I always enjoy the retirement forums, but seldom post. This topic really interests me because my husband and I will be retiring in two years at 62 to a home which we purchased 18 months ago. I have fretted a lot over the fact that I will be an 18 hour drive away from my two boys. (ages: 28, 31) I have no grand kids and frankly don't know if they will have children or not. I will only see my boys in person probably 3x a year, but have convinced myself that these visits along with the weekly phone calls, and Skype will allow us to stay connected. Presently, they work for their Dad out of our home, which means I have the privilege of seeing my boys Mon. - Fri. which certainly puts us in a close relationship. They both live in apartments with their SO, (married soon I think) and we all do our own thing every weekend. I have friends who absolutely live for interaction with their grand kids. I think it's odd; I feel it is time for them to enjoy their own lives, and pursue their interests. We certainly would be caring grandparents, and we both think it would be great having grand kids visit for a couple weeks every year in the lovely area we are retiring to; the "Land of Enchantment" which offers tons of outdoor adventures. (Funny, I sound like a tourism ad!) We want to enjoy our retirement which we have carefully and purposely planned for. We will not be more than occasional sitters and I have no desire to run around to all the baseball, soccer, track and band events as a cheerleader. Spent years doing that for my own kids. We will enjoy what we want in the last season of our life. My only fear is "keeping the close connections". The boys say no problem, so we will move and make every effort to stay connected. We can't imagine living in our present mid west state in our older years; the summers are hot, humid, and populated with mosquitoes, and the long, cold winters are for hibernating. I look forward to reading other comments.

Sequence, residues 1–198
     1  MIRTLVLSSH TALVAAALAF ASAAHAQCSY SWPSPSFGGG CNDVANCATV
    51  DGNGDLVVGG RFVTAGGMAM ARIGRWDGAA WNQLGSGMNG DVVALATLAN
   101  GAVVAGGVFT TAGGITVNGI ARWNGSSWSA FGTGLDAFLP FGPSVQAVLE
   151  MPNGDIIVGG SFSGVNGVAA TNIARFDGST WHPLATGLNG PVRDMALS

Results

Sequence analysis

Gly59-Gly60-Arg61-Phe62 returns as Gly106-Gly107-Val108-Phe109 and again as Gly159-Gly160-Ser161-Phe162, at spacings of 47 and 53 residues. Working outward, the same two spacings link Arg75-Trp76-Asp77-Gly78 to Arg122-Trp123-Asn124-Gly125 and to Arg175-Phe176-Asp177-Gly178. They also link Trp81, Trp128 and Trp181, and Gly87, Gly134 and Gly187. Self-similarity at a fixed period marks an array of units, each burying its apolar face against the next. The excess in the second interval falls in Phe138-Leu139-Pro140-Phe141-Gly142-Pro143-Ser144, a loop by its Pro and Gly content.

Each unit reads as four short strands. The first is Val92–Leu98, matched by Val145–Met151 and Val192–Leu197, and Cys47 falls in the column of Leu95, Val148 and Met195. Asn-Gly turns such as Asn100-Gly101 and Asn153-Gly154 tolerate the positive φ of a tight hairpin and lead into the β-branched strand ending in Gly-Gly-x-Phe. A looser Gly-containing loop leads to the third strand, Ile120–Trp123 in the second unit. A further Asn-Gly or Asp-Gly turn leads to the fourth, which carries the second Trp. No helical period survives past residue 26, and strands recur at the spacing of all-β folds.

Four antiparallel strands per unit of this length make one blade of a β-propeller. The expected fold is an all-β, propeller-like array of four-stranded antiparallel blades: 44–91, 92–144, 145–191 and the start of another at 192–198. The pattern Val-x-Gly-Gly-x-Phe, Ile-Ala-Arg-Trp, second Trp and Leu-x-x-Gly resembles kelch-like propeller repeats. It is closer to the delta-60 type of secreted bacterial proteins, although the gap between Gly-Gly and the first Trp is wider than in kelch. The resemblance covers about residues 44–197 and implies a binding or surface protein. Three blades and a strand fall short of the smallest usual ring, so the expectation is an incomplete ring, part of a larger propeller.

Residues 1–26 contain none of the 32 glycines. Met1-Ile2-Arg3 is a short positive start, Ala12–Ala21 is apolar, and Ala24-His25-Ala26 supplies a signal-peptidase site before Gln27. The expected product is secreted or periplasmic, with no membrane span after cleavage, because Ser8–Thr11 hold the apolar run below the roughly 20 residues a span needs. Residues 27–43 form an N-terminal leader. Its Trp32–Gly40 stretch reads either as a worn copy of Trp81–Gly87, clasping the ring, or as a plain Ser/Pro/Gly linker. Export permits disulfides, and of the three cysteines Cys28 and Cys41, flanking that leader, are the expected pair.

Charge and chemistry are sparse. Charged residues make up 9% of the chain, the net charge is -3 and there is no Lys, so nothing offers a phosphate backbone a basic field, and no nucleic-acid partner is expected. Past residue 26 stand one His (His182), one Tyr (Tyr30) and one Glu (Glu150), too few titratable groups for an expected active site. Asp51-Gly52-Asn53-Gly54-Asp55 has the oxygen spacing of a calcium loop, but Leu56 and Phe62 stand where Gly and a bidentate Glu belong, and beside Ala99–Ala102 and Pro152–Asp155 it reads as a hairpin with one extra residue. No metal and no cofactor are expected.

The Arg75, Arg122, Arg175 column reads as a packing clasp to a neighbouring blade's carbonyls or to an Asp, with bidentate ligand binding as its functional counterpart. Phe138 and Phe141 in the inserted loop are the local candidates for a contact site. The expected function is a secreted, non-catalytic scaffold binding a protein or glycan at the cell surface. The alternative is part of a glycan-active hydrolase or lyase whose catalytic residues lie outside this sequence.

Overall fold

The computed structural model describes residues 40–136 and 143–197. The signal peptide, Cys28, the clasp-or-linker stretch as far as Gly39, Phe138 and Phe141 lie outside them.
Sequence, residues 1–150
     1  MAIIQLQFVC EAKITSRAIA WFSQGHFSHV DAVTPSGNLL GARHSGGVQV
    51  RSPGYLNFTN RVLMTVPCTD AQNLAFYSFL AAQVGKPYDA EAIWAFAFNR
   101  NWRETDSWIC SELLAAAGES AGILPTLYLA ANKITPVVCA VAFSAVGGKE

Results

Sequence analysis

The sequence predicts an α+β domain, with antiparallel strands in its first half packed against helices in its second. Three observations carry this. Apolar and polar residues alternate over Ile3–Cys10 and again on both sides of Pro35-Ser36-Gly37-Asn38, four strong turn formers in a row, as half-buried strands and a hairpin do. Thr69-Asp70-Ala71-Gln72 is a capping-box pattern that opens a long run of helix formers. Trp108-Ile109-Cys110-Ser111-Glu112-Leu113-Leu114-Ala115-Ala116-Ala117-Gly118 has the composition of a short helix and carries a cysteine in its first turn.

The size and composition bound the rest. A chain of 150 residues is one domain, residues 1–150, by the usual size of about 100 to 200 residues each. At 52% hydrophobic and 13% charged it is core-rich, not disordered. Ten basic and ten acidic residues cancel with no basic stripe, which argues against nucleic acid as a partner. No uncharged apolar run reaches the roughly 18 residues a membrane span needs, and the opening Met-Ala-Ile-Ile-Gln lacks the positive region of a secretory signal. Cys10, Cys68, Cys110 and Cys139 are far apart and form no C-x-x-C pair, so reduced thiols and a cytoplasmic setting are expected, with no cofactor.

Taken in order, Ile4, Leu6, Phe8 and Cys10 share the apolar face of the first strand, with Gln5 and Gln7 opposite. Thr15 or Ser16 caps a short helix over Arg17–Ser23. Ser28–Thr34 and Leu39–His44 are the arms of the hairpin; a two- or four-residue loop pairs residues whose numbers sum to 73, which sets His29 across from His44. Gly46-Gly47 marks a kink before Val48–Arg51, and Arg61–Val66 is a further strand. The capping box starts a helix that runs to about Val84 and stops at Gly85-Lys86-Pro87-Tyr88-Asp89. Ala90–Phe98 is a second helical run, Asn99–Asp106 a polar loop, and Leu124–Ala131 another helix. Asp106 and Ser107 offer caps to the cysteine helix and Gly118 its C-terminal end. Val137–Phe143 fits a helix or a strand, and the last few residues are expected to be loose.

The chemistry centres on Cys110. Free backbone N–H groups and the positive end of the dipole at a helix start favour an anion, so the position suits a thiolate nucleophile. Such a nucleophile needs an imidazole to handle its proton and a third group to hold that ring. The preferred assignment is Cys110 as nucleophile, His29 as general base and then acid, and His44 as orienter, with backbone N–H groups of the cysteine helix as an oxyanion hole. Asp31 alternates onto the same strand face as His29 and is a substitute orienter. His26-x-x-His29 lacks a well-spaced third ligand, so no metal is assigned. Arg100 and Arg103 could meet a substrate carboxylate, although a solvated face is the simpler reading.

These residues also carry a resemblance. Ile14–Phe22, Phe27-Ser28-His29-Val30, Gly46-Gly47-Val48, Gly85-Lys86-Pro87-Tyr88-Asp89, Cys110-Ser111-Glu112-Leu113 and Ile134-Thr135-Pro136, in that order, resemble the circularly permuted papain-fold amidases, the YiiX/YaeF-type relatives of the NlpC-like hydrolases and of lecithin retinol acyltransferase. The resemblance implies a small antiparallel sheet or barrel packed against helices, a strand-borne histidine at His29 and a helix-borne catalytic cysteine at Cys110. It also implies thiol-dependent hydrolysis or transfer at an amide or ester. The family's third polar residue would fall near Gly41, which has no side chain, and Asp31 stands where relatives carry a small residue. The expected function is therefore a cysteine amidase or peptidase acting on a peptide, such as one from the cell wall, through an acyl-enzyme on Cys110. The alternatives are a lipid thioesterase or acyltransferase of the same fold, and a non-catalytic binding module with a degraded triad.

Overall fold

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Old 08-07-2012, 04:01 PM
 
Location: California
4,552 posts, read 5,467,791 times
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One thing that drives me nuts is people who think I am interested in their kids/grandkids. I am not and have other things to spend my time on. I did the best I could as a parent but now it is my time to finally have a life and it doesn't include being a babysitter as we really do prefer adult companionship. My husband and I enjoy our peace and quiet and couldn't imagin having our retirement centered around going backward.

I have a neighbor who has adult children and her children living off him even after his heart surgery. Yikes, enough is enough already - the poor guy doesn't make enough to support all the freeloaders so he can't retire.
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Old 08-07-2012, 06:06 PM
 
4,343 posts, read 6,054,558 times
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We moved away from our only child, who was very responsible, once he graduated from college. We moved for my husband's career. In the last 15 years we lived in 3 different states. During this time there was a marriage and grandchildren were born and we had a good connection with them. We visited about 3 times a year and they visited us about twice a year. In the meantime we must've mailed a package to the kids about every other week. We skyped, we did whatever we had to do, and we think it worked. Just recently we decided to move back home but we were considerate of the fact that our son has been independent of us for the last decade and a half so we moved about 2 hours away which is perfect. We didn't feel we had any business moving in his back yard. We respect each other's schedule. We set up visits in advance, we've been fortunate to be included in their holiday plans, and all-in-all, I'm glad we're back. I think you can make anything work. Miles don't make any difference.
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Old 08-07-2012, 09:41 PM